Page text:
CHAPTER 3 Underwater Physiology
16 oxygen bottle containing 360 standard liters (3.96 scf) of usable gas will last
225 minutes at an oxygen consumption rate of 1.6 liters per minute at any depth,
provided no gas leaks from the rig.
Minute ventilation, or respiratory minute volume (RMV), is measured at BTPS
(body temperature 37°C/98.6°F, ambient barometric pressure, saturated with
water vapor at body temperature) and varies depending on a persons activity
level, as shown in Figure 3-6. Surface RMV can be approximated by multiplying
the oxygen consumption rate by 25. Although this 25:1 ratio decreases with
increasing gas density and high inhaled oxygen concentrations, it is a good rule-
of-thumb approximation for computing how long the breathing gas will last.
Unlike oxygen consumption, the amount of gas exhaled by the lungs is depth
dependent. At the surface, a diver swimming at 0.5 knot exhales 20 l/min of gas. A
scuba cylinder containing 71.2 standard cubic feet (scf) of air (approximately
2,000 standard liters) lasts approximately 100 minutes. At 33 fsw, the diver still
exhales 20 l/min at BTPS, but the gas is twice as dense; thus, the exhalation would
be approximately 40 standard l/min and the cylinder would last only half as long,
or 50 minutes. At three atmospheres, the same cylinder would last only one-third
as long as at the surface.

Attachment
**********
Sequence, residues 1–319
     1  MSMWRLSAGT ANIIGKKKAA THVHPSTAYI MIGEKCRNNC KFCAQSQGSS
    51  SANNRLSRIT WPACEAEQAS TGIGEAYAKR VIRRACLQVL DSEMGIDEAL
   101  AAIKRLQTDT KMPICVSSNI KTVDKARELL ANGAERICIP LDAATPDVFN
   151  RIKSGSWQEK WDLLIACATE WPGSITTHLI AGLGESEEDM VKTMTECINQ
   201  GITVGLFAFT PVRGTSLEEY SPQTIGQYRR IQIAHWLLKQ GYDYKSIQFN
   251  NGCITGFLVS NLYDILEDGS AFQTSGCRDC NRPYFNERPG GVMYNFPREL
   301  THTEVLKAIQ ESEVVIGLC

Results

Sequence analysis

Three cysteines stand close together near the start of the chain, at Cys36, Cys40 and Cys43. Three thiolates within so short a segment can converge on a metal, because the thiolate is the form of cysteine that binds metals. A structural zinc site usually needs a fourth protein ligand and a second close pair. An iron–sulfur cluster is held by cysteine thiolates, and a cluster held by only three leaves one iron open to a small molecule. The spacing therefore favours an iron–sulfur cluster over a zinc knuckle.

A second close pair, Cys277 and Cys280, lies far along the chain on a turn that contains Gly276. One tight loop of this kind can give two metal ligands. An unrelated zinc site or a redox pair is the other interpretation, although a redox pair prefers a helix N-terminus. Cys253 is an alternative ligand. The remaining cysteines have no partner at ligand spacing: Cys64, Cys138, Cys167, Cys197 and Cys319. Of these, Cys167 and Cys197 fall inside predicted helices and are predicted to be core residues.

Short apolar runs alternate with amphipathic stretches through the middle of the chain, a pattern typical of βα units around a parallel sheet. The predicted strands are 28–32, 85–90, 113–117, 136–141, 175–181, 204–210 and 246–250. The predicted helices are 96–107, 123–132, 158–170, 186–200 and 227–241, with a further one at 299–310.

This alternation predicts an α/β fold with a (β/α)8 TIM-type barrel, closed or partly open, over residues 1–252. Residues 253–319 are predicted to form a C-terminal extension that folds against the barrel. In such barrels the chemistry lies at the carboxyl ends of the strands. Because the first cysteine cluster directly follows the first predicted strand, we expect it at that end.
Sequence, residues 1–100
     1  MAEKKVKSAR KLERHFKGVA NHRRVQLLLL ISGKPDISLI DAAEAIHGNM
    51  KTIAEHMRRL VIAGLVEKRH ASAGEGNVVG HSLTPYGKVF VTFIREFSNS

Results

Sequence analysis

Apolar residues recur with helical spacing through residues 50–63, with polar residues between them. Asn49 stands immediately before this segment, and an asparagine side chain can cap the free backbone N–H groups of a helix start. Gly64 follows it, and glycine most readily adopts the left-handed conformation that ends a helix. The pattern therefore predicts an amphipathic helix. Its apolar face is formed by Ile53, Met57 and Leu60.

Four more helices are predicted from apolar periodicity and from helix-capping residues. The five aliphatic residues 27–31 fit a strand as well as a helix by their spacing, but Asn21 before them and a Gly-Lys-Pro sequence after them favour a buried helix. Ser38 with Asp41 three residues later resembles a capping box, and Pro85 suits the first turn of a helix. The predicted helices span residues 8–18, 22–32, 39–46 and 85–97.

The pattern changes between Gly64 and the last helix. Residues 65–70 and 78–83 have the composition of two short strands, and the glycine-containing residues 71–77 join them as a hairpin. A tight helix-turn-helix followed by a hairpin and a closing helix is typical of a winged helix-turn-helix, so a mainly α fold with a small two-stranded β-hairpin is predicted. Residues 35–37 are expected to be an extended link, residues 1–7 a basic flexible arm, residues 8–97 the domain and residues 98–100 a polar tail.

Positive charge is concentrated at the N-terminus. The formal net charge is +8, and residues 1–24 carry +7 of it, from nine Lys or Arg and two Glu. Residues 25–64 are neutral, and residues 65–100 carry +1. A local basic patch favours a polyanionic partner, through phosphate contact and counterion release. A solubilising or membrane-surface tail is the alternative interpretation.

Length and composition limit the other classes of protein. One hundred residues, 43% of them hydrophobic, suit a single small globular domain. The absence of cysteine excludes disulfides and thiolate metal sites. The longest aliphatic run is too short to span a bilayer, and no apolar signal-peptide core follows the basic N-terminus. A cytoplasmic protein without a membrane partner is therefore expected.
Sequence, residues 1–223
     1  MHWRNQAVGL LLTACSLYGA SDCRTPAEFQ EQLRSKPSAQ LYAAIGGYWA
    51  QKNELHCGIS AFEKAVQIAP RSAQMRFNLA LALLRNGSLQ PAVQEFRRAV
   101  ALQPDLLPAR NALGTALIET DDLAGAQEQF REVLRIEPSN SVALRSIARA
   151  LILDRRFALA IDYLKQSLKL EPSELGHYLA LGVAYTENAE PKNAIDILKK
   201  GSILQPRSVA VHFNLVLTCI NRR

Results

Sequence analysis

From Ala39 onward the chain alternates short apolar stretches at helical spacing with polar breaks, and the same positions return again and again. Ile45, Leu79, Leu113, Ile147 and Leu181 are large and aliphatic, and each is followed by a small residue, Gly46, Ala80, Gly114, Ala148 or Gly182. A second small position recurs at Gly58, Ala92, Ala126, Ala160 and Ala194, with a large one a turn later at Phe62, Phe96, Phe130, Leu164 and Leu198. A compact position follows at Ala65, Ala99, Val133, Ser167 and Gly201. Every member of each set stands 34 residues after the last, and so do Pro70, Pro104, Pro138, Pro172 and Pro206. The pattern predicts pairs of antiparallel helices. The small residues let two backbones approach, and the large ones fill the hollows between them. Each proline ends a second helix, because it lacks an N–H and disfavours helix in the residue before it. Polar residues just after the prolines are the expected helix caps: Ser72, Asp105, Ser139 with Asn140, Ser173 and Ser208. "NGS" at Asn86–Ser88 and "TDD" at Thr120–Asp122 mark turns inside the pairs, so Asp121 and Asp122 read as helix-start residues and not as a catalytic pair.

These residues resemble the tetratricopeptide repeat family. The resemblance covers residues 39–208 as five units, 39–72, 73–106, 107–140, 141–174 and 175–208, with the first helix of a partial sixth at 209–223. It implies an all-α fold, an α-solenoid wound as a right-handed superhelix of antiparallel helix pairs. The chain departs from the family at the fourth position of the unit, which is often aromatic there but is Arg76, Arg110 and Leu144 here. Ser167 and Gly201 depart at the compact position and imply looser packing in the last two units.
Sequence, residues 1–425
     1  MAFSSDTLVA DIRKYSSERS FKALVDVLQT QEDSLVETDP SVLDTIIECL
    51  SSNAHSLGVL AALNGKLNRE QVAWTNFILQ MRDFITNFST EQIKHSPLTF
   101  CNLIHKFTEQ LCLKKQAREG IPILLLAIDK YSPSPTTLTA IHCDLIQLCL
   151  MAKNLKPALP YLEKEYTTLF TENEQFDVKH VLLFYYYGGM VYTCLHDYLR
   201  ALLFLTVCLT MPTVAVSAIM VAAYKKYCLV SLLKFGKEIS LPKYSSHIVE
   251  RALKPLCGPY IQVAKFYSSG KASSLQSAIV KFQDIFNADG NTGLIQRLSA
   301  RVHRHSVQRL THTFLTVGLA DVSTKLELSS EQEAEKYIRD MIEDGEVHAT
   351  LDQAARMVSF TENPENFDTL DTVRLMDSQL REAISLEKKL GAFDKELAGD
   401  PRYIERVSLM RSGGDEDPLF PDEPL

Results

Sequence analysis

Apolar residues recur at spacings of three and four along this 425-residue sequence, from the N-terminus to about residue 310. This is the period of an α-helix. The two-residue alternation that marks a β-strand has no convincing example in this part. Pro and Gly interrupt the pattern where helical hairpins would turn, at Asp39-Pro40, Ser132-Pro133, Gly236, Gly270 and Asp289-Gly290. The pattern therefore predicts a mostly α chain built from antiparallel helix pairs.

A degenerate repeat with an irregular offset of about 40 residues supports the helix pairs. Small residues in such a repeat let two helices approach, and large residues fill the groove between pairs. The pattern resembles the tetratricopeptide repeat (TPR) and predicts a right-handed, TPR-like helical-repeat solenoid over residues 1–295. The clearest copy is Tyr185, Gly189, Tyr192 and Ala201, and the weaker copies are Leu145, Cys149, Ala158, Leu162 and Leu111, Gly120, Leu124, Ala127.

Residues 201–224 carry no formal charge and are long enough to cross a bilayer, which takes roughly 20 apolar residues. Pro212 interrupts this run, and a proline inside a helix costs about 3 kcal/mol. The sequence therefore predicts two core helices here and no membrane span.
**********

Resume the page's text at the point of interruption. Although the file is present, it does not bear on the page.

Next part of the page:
Carbon dioxide production depends only on the level of exertion and can be
assumed to be independent of depth. Carbon dioxide production and RQ are used
to compute ventilation rates for chambers and free-flow diving helmets. These
factors may also be used to determine whether the oxygen supply or the duration
of the CO2 absorbent will limit a divers time in a closed or semi-closed system.
RESPIRATORY PROBLEMS IN DIVING
Physiological problems often occur when divers are exposed to the pressures of
depth. However, some of the difficulties related to respiratory processes can occur
at any time because of an inadequate supply of oxygen or inadequate removal of
carbon dioxide from the tissue cells. Depth may modify these problems for the
diver, but the basic difficulties remain the same. Fortunately, the diver has normal
physiological reserves to adapt to environmental changes and is only marginally
aware of small changes. The extra work of breathing reduces the divers ability to
do heavy work at depth, but moderate work can be done with adequate equipment
at the maximum depths currently achieved in diving.
Oxygen Deficiency (Hypoxia). Oxygen deficiency, or hypoxia, is an abnormal
deficiency of oxygen in the arterial blood that causes the tissue cells to be unable
to receive sufficient oxygen to maintain normal function. Severe hypoxia will stop
the normal function of any tissue cell in the body and will eventually kill it, but the
cells of the brain tissue are by far the most susceptible to its effects.
The partial pressure of oxygen determines whether the amount of oxygen in a
breathing medium is adequate. For example, air contains about 21 percent oxygen
and thus provides an oxygen partial pressure of about 0.21 ata at the surface. This